Qualifying for this benefit simply requires that you were married or in a common-law partnership with the deceased CPP contributor. There are no additional qualifications to be met.
In the event that you have had more than one deceased spouse or common-law partner (you have been widowed more than once), you will only receive one survivor’s pension (the largest one).
Your survivor’s pension will continue to be paid even if you decide to remarry.
How large a survivor’s pension is will depend on your age as well as for how long and how much the deceased contributor has paid into CPP.
If you are 65 years of age or older, you will receive 60% of the deceased contributor’s pension (if you are not receiving other CPP benefits).
If you are younger than 65 years of age, you will receive 37.5% of the deceased contributor’s pension plus a flat amount (if you are not receiving other CPP benefits).
The survivor’s pension is combined with your other CPP payments into one payment. If you are receiving other payments from CPP, the survivor’s pension will be lower than the figures above.
In terms of what amounts to expect, the calculation for the survivor’s pension assumes that the deceased was 65 at the time of death, on top of a few other calculations.
Frequently Asked Questions
OAS Survivor Benefits?
The Allowance for the Survivor, covered above, is the survivor benefit that is related to OAS and not linked to the Canada Pension Plan. Both the survivor’s pension and the CPP death benefit are linked to the Canada Pension Plan.
Supplementary Death Benefit in Canada?
The supplementary death benefit is a benefit that public sector employees can choose to take advantage of. It is similar to a decreasing term life insurance policy.
This benefit is a one-time payment of twice your annual salary that is paid to a designated beneficiary or to the estate. The monthly cost of this benefit (or insurance) is $0.15 per month for every $1,000 of coverage while still employed in the public sector.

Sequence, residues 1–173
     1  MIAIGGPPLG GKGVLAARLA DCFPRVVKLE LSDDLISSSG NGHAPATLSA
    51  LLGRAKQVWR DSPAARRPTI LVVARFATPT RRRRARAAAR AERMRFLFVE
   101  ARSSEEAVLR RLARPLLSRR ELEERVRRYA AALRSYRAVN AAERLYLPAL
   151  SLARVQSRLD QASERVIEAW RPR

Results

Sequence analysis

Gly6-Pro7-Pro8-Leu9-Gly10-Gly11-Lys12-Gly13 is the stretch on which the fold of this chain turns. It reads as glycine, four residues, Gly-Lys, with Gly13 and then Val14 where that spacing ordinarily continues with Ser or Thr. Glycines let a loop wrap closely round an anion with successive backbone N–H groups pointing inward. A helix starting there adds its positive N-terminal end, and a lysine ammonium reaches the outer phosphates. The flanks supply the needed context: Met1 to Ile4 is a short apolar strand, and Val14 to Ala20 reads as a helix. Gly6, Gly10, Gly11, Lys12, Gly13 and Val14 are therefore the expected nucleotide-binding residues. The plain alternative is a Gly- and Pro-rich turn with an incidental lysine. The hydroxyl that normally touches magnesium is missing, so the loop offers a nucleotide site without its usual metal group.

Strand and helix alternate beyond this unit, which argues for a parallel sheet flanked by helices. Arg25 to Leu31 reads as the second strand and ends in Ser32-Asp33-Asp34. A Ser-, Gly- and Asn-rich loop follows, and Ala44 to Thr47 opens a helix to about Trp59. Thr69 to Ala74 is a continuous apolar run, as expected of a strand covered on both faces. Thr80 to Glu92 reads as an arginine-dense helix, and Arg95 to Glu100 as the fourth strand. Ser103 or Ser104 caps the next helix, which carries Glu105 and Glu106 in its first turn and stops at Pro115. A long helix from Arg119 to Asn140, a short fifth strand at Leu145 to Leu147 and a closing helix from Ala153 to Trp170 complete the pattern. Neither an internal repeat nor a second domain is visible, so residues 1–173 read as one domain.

Your coverage is rounded to the nearest thousand dollars. As a hypothetical example:
You are earning $61,300 per year as a public sector employee. Your supplementary death benefit would be $61,300 x 2 = $122,600. Rounded up to the nearest $1,000, the supplementary death benefit is $123,000. Your monthly cost would be $18.45 per month (15 cents for each $1,000 of coverage).
There are a lot more specifics to be aware of if you are looking to learn more about the supplementary death benefit in Canada.
How much is the Allowance for the Survivor?
Your previous year’s income will determine the amount of the allowance for the survivor. As of early 2023, this amount is a maximum of $1,556.51 per month.
The amount that is paid out (as well as the maximum) is constantly being compared to the cost of living increases in Canada’s Consumer Price Index (CPI). If Canada’s CPI increases, this payment can increase. If Canada’s CPI decreases, the income will not decrease.
If your spouse or common-law partner has recently passed away, there are a number of government benefits that you may qualify for in order to help with paying for retirement expenses.
The Canada Pension Plan death benefit, CPP’s survivor pension, and the Allowance for the Survivor are some of the main sources of assistance that you may be able to count on.
You will want to have as much control over your income streams in retirement in order to qualify for certain benefits as well as positively-impact others.
If you are looking for additional retirement tips and strategies, be sure to read my guide on retirement planning in Canada.